“And I know as I grew up, why that happened to me as an 8-year-old. It’s because as I grew older and had more of an appreciation for life and what you put into it, and what you get out of it, that there was a lesson to be learned there. That a lot of times we get so caught up in the game, that we miss the blackberries.
“God has put so many moments that blessed us. I call those blackberries. And those blackberry moments, if we get too tied up in what we’re doing in our jobs, in the game, in whatever it is, we’re missing out on so much.
“My life has been filled with them. Our family’s been filled with them. There are some blackberries for (my sister) Chris. She said, ‘My dad was the perfect dad for a tomboy. He realized a fishing pole was just as good a fit as a Barbie doll for girls like me and taught me to fish when I was 5 years old. It was a hobby that we shared for over 50 years. He let me take horseback riding lessons when I was 12, we used to go riding in the fall when baseball season was over.’ That was spreading blackberries with a fishing pole and horseback riding.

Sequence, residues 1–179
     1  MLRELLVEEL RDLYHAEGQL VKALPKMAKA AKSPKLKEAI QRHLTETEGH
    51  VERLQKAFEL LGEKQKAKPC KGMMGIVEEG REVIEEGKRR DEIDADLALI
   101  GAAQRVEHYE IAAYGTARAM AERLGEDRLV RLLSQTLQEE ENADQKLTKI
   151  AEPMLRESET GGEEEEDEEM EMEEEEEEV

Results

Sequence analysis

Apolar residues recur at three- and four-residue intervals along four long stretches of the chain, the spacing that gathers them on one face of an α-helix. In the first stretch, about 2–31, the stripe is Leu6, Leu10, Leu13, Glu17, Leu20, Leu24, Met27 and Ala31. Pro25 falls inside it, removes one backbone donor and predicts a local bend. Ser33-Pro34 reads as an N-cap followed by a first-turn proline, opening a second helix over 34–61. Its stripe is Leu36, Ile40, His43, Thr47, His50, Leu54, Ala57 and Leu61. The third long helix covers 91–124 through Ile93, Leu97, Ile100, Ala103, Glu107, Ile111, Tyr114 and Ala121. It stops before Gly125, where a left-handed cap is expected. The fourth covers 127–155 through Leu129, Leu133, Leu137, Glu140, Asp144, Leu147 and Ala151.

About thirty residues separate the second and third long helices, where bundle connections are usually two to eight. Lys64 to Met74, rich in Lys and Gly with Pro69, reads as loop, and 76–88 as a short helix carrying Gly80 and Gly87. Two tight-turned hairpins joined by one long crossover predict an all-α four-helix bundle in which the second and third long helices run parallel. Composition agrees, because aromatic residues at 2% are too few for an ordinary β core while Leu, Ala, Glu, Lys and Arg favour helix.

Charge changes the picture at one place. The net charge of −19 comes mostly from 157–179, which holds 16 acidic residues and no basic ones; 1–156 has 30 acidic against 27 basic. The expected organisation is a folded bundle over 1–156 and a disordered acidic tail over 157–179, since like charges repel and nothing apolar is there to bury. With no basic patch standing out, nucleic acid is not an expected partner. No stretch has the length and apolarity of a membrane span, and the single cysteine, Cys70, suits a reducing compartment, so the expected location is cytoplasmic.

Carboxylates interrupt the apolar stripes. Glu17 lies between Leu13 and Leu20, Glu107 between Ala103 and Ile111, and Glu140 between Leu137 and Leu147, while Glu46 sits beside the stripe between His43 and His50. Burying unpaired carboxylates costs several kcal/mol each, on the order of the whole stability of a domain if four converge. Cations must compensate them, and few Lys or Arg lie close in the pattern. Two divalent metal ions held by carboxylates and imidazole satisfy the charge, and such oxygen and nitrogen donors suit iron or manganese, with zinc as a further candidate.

“And my sister Dawn, who was all about the winter time. My dad growing up in Vermont knew every trick that came with the two feet of snow we’d get in Milwaukee. Building these ridiculous snow caves, making snow angels, teaching us to ice skate, putting these ridiculous-looking skis on the girls and letting them jump over the ridiculous little hump that he built back there. That was a blackberry.